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Mad Bess Wood
An interestingly named place, and one of those perennial questions that comes up on the notice board from time to time, "why is Mad Bess Wood so called?"
Before we even get to that where is it? Well to access it you need to leave Ruislip on the road to Northwood, called Bury Street where it leaves from the bottom of the High Street. Near to crematorium/Six Bells the name of the road changes to Ducks Hill Road, though throughout its length it is the A4180.
Passing the Six Bells in you begin to climb a long hill. Just back from the brow there is a small turning to your left, turn here and you enter the car park for the woods. There are pedestrian lights here which are very unusual as there is a "stop" button at a height suitable for those on horseback to push!
Here is a map (opens new tab).
The woods themselves consist of 188 acres and were formally owned by Sir Howard Stranson Button before being acquired "the council" by way of a compulsory purchase order in 1936. This purchase was made in order to form part of the newly thought out "green belt" around London, up until this time it had been thought that they would be built over.
Reference to an A-Z road atlas reveals that there is, within Mad Bess Woods itself Mad Bess Wood Cottage, and also "North Riding Wood" and "Young Wood" (Youngerwood), though these names are never used and the whole wood comes under the "Mad Bess" banner locally. Other sections named separately included Standell's Wood and Censor's Wood, but these sections seem not to get a mention in the A-Z.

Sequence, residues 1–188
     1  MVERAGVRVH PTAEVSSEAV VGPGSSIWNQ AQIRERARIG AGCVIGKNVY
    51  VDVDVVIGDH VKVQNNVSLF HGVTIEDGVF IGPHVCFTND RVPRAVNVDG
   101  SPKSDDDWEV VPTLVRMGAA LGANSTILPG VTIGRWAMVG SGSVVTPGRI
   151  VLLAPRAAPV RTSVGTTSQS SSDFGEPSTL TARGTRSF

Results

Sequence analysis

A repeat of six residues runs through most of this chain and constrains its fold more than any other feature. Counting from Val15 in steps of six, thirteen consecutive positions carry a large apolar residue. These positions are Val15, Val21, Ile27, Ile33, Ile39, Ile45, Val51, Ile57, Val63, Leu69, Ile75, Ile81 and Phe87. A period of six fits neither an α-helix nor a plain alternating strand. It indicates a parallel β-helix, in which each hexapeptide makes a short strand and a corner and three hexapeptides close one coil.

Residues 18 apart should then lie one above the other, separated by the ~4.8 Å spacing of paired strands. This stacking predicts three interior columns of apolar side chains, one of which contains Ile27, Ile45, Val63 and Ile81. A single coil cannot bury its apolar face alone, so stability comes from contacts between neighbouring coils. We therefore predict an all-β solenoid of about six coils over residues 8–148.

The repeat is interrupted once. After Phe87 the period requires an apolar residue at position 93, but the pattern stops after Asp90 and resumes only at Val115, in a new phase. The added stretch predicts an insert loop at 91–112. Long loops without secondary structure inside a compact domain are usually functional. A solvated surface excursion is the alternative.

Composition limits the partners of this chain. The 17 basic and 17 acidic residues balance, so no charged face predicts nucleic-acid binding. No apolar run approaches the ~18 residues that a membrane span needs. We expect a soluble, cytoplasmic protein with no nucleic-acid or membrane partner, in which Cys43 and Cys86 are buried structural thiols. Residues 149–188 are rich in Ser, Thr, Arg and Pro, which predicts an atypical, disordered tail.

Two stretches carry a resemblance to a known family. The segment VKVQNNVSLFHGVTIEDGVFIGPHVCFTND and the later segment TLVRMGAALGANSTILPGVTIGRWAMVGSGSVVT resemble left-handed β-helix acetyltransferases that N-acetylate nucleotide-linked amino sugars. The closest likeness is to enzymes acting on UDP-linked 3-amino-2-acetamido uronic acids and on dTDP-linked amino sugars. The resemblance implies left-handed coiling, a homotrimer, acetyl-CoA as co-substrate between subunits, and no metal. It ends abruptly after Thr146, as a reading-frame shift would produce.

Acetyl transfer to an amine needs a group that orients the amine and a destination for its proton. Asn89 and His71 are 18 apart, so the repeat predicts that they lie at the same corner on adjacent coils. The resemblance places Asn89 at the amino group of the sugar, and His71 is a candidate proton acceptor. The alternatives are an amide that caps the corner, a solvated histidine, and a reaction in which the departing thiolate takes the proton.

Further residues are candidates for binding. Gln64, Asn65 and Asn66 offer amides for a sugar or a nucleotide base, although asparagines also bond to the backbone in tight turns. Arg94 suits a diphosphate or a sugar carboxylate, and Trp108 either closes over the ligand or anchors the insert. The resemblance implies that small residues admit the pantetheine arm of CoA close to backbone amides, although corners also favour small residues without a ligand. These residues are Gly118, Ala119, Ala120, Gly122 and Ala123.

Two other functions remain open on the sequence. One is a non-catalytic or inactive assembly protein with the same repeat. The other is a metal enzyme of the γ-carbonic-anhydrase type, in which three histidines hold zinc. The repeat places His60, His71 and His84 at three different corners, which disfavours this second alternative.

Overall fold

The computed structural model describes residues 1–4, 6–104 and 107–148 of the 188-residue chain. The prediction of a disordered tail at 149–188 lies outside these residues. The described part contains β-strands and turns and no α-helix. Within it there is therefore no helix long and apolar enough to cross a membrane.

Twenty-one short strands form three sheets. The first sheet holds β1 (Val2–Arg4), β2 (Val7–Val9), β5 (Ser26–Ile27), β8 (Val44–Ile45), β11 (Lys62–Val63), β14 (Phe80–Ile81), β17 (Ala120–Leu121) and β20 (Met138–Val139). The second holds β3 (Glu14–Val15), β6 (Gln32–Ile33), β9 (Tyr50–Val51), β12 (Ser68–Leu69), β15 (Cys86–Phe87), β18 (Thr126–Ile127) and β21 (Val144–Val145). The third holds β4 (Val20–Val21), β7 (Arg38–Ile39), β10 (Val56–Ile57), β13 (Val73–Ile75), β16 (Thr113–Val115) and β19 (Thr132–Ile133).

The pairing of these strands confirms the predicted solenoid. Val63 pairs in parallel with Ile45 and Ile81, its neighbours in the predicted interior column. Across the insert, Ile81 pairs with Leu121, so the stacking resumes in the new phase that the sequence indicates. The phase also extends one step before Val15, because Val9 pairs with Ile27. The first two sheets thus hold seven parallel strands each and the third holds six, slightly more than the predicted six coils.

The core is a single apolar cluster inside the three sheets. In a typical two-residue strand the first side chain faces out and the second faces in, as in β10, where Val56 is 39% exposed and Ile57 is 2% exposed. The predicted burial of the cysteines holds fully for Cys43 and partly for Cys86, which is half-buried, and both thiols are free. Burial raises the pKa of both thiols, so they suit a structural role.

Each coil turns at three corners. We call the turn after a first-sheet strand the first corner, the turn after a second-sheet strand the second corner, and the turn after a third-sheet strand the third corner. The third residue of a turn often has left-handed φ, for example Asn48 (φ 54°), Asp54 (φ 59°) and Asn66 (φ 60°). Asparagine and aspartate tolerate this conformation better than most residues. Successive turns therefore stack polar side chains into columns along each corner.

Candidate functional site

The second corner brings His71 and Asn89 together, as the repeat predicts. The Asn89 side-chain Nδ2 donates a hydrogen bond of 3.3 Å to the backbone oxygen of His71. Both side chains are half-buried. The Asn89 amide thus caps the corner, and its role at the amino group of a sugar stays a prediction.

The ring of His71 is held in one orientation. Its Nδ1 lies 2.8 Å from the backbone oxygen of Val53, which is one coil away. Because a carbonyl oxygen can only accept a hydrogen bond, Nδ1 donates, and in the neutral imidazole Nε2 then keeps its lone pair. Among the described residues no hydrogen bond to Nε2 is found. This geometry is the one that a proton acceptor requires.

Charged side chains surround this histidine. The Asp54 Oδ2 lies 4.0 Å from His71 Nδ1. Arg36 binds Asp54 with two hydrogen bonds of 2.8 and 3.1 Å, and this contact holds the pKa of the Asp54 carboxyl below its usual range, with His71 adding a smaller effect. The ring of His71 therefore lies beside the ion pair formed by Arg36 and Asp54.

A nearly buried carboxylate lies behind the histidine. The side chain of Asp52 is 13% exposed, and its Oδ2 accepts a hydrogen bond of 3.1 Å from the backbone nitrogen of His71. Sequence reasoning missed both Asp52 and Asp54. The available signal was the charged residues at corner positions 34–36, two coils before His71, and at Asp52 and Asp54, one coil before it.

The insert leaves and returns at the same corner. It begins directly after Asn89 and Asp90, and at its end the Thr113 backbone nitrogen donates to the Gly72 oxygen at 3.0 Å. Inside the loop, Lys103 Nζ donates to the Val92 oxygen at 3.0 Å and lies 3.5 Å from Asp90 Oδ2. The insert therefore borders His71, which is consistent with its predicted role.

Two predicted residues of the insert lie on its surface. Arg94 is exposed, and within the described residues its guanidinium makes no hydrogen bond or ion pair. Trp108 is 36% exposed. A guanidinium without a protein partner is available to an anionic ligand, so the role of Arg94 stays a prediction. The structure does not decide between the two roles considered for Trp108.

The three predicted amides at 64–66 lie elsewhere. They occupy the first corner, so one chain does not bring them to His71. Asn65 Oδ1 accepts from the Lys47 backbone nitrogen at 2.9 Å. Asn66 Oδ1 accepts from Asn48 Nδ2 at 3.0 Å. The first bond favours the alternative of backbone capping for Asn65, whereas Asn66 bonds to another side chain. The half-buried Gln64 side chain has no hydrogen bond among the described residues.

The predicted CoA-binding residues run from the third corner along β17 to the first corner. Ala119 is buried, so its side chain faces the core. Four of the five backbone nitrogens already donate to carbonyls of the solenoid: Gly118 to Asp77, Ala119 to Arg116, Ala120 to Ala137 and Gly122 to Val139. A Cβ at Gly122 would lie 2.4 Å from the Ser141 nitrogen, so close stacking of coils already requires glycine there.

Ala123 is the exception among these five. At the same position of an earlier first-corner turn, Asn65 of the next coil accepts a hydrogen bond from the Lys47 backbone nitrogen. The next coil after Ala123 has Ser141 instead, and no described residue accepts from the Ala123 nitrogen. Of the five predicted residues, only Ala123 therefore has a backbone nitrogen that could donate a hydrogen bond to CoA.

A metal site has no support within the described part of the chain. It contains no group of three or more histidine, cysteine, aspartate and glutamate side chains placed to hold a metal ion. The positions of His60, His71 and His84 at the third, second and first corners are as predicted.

The aforementioned cottage can be more easily accessed from Breakspear Road North on the way up to Harefield by the sharp bend just before the entrance to Bayhurst Wood County Park (So grandly named because it has a few picnic tables!?). The area by the cottage is (was?) run as a camp site. The cottage was that of the game keeper in the late 1800's.
Please note that barbeques are NOT allowed in any of the local public open spaces including Mad Bess Woods.
So to that name.
Well if we look in Eileen Bowlt 's excellent book Ruislip Past, (which just might be available via this web site courtesy of Amazon, and if not send me an e-mail and I can point you to a seller) we find out that there is not an answer to this question!
"Here is an intriguing name, but alas, with no explanation of its origin, although many have been made up by fertile imaginations"
Now as this lady is the local historian who is Ruislip Online to argue?
Such fertile imaginations have, however, come up with the ghost of a headless horsewoman most often......so for those wanting a reason this vision certainly fits the name!
But hang on, the Watford Observer states, with some authority:-
Mad Bess was the wife of an 18th Century gamekeeper, a demented old woman who prowled the woods at night looking for poachers. "Beware Mad Bess" was the poacher's motto, with good cause, by the sound of it.
(In 1837 15 year old John Brill was murdered in the woods, so there maybe at least one ghost in there!)
You can now buy "The
Finally, as this area has such an intriguing name it is used on the car stickers available free from Ruislip Online which read:-
If you want one the only conditions are that you actually live in Ruislip, or very local to it, and that you don't just lob it in the bin! Interested? Send in an e-mail with your address....
One visitor told us his memories of the area....
I have fond memories of Mad Bess